“You Calling Me Crazy? The Perils of Misdiagnosis”


In AlterNet, Lisa Di Venuta recounts how a visit to a university counselor about her mild depression quickly got her onto a downward spiral with multiple psychiatric medications and increasing and ultimately severe disability over the course of five years. Once she’d stopped all of the drugs, she started asking how many more people this was happening to.

You Calling Me Crazy? The Perils of Misdiagnosis (AlterNet, June 10, 2015)


  1. I always find it strange when people tell these stories about the horrible way they are treated by psychiatry, stories that are very typical, yet still feel compelled to say how of course so many many people have been helped by psychiatry. “Compelled” may be a literally accurate word too, as even AlterNet is a semi-mainstream media outlet and may have demanded this disclaimer. After all, we don’t want to be “anti-psychiatry,” do we? Psychiatrists like Lieberman and Torrey have succeeded in making the phrase into the equivalent of being a Muslim terrorist. Even on Mad In America we often see this (not the outside pressure though), and I really don’t understand it.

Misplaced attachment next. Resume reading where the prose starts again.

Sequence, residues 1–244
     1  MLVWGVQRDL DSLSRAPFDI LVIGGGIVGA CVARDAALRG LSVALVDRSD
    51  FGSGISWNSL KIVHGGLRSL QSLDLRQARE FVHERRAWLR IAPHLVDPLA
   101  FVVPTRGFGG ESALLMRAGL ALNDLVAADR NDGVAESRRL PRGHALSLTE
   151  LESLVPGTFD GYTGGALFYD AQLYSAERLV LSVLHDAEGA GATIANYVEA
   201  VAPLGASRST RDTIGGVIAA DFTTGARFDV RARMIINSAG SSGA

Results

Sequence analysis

Just the same, though, this young woman deserves a lot of credit for coming out of the closet and talking about her bad– and typical– experience with psychiatry.

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    • It’s social conditioning by the media not to look too “extreme”. As Chomsky puts it:

      “The smart way to keep people passive and obedient is to strictly limit the spectrum of acceptable opinion, but allow very lively debate within that spectrum….”

      ― Noam Chomsky, The Common Good

      That is exactly what’s happening in this discussion too.

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